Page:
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Gee Research Blog

Write About Research – A GEE Research Blog Competition

Tue, 03 Mar 2015 15:28:43 +0000

The GEE Research blog communicates UCL science with a wider, non-specialist audience, by providing short summaries of recent research in the department of UCL Genetics, Evolution and Environment. This provides an opportunity to engage with a broad audience, including other academics, students, members of the public, and even businesses and policy-makers. It is a great […]

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Was Fermentation Key to Yeast Diversification?

Tue, 17 Feb 2015 15:30:43 +0000

From bread to beer, yeast has shaped our diets and our recreation for centuries. Recent research in GEE shows how humans have shaped the evolution of this important microorganism. As well as revealing the evolutionary origins of modern fission yeast, the new study published in Nature Genetics this month shows how techniques developed for detecting […]

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Planning for the Future – Resilience to Extreme Weather

Thu, 15 Jan 2015 15:13:14 +0000

As climate change progresses, extreme weather events are set to increase in frequency, costing billions and causing immeasurable harm to lives and livelihoods. GEE’s Professor Georgina Mace contributed to the recent Royal Society report on “Resilience to Extreme Weather”, which predicts the future impacts of increasing extreme weather events, and evaluates potential strategies for improving […]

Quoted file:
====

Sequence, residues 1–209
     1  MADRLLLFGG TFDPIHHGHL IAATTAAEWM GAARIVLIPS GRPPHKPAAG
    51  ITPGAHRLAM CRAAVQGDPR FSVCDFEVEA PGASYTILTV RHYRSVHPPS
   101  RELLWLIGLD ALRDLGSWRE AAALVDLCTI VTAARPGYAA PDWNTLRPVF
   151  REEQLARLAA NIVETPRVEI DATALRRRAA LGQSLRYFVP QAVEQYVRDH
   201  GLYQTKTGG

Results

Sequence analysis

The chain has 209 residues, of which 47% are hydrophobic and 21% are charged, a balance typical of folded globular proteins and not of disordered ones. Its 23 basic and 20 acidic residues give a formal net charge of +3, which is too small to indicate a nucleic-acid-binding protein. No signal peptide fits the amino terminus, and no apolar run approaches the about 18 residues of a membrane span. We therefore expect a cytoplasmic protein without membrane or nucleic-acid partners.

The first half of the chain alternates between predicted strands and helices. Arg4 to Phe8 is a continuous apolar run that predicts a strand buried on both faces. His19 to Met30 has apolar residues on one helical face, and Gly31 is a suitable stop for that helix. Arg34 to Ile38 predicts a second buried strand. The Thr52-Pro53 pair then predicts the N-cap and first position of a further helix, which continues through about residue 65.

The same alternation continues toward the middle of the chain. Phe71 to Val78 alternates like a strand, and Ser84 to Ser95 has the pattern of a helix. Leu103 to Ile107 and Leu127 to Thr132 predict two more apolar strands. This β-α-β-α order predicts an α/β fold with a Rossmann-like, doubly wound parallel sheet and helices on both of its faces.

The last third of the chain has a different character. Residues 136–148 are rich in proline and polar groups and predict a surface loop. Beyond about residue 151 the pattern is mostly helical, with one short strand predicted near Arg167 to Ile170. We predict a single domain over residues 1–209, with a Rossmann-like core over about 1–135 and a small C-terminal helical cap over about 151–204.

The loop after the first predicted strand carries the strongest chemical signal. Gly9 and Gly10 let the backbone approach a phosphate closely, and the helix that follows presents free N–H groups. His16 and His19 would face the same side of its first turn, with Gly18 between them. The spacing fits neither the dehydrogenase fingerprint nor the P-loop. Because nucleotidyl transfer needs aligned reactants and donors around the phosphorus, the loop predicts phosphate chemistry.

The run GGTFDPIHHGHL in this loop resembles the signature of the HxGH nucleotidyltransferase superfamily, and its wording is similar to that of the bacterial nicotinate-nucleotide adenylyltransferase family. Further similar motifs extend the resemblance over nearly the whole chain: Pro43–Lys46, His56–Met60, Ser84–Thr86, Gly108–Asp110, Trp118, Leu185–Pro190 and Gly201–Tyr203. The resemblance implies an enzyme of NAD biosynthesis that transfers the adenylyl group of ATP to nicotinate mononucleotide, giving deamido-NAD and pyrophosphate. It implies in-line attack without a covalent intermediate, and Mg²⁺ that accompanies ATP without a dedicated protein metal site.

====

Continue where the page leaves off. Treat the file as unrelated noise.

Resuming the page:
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Forecasting Extinction

Mon, 05 Jan 2015 11:33:21 +0000

Classifying a species as either extinct or extant is important if we are to quantify and monitor current rates of biodiversity loss, but it is rare that a biologist is handy to actually observe an extinction event. Finding the last member of a species is difficult, if not impossible, so extinction classifications are usually estimates […]

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Changing Perspectives in Conservation

Thu, 18 Dec 2014 12:15:44 +0000

Our views of the importance of nature and our place within have changed dramatically over the the last century, and the prevailing paradigm has profound influences on conservation from the science that is conducted to the policies that are enacted. In a recent perspectives piece for Science, GEE’s Professor Georgina Mace considered the impacts that […]

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LeCHE MEETING

14 May 2010

A new study led by UCL scientists (in GEE) has found that current genetic data cannot explain why vast swathes of the world can digest milk.

Study co-author Dr Yuval Itan (UCL Genetics, Evolution and Environment) explains more fully what this study reveals.

The ability to digest the milk sugar lactose – also known as lactase persistence – is a selectively advantageous and recent evolutionary genetic trait, which emerged about 7,500 years ago in Europe and probably later in other parts of the world. This means that, once weaned, people in most parts of the world (large parts of Africa, most of Asia, and Oceania) cannot digest milk for the rest of their life.

However, the study published in BMC Evolutionary Biology, shows that the four genetic mutations currently associated with the ability to digest milk cannot explain why many people in western and southern Africa, south eastern Europe, the Middle East, and southern and central Asia are able to digest milk. It also suggests that other genetic variants leading to the ability to digest milk exist, but have not yet been discovered.

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